Preaching life through electronic music
An electronic, eclectic trio emerges from
their workroom with an adult taste in songwriting and a truckload of gear.
By Girl Chakra
published in: Localvibe.com
December 9, 2000
"Tell me where I must go to find the self that I left behind? / Is
it burnt by the embers, buried deep in your mind?" -- from "Past
November" by CLONE
This is the first song I am subjected to in this tiny place which the
group fondly calls The Workroom. It is one of two rooms in this apartment
rented by bandleader Lionel and his wife, and is located in a 5-storey
apartment complex in San Antonio Village Makati. And it is hot. Hot enough
for the fan to be blowing full-blast in our faces, yet still have no effect.
___ I have been invited here as a witness to the bizarre chemistry that
has made three admittedly nerdy individuals create a musical unit that
is electronic but ironically, full of spirit. Seeing it firsthand is a
___ It boggles the mind how a band with only three members can have so
much stuff and bring it all out on the road for a gig. Then again, it
makes sense. In place of a drummer, they have four separate tone generators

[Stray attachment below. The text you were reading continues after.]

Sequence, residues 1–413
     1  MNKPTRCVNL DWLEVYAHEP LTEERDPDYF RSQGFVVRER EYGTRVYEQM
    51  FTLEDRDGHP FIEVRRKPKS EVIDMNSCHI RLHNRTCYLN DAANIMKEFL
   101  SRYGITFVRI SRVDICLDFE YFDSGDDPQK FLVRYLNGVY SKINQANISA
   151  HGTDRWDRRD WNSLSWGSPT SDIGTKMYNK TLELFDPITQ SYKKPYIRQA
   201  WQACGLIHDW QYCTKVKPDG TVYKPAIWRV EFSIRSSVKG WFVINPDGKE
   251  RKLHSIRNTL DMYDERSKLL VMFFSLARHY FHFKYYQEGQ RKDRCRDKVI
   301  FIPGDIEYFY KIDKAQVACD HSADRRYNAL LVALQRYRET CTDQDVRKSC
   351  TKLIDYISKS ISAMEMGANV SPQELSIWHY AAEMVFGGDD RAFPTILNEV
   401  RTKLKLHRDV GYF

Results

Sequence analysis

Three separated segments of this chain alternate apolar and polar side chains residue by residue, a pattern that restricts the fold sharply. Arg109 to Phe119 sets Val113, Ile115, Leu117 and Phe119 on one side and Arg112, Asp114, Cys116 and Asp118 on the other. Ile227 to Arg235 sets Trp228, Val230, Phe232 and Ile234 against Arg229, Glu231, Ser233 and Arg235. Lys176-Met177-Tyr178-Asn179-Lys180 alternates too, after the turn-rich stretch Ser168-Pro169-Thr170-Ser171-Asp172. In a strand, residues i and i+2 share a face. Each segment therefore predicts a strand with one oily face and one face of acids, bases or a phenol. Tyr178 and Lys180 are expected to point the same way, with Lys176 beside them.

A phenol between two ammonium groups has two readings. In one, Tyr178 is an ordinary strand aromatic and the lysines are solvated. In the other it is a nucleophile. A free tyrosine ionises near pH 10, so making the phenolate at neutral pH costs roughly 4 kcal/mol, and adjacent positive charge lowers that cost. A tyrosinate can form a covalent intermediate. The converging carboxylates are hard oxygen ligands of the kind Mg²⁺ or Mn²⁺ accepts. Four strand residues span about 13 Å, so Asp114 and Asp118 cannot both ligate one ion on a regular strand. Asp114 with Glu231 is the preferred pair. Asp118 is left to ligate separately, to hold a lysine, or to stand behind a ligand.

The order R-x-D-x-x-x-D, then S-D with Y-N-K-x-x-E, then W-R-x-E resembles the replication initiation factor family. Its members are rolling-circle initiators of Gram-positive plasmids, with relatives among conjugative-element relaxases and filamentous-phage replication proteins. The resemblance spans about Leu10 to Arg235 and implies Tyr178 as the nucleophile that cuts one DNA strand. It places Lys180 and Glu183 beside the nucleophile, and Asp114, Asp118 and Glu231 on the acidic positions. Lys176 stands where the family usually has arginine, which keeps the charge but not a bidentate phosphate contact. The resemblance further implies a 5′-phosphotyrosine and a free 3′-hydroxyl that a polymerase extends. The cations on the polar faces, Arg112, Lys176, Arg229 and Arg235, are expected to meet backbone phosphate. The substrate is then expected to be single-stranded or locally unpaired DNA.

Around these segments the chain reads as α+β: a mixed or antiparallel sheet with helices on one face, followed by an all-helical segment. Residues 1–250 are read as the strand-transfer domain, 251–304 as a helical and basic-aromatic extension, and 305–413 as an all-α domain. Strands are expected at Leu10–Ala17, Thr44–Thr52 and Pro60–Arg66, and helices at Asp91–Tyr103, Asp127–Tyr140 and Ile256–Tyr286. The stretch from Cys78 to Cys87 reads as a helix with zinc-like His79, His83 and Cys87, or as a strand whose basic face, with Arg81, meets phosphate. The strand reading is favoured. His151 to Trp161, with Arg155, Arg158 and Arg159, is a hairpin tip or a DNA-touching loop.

that churn out drum patterns and sounds. In place of everyone else, they
have three keyboards, two MIDI sequencers, and three samplers. Oh, and
let's not forget the microphones. (Suddenly, they seem like antiquated
pieces of machinery.)
___ The band is halfway through the piece, a neo-Goth song crossing the
perimeters of Massive Attack and Moloko, and embellished with electronic
squiggles and squawks, when a knock on the door distracts everyone. It
is apartment security. Someone downstairs has complained about the bass
woofer being so strong, the room below us vibrates. The volume level is
turned down, as is the bass level. But the practice goes on.
___ It is a humid November evening, only 7:45 pm. And it still feels like
Welcome to the life of CLONE.
The easiest way to describe them is to say they are unwilling rockstars.
Lionel Valdellon (keyboardist, composer) is an online content editor
for a website development company, aside from being a comics artist (in
his free time) and a former LocalVibe columnist. Karlo Samson (keyboardist,
samplist) is a manager at a financial portal (also an IT business) and
rides his Vespa scooter around the country when he has time. Sheerin Castillo
(vocalist) is finishing up her masteral studies in psychology aside from
helping run a family business. They aren't the kind of folks who'd give
up their stability for a chance to sign a recording contract.
___ And yet, here they are, a decade since they were last teenagers, engaging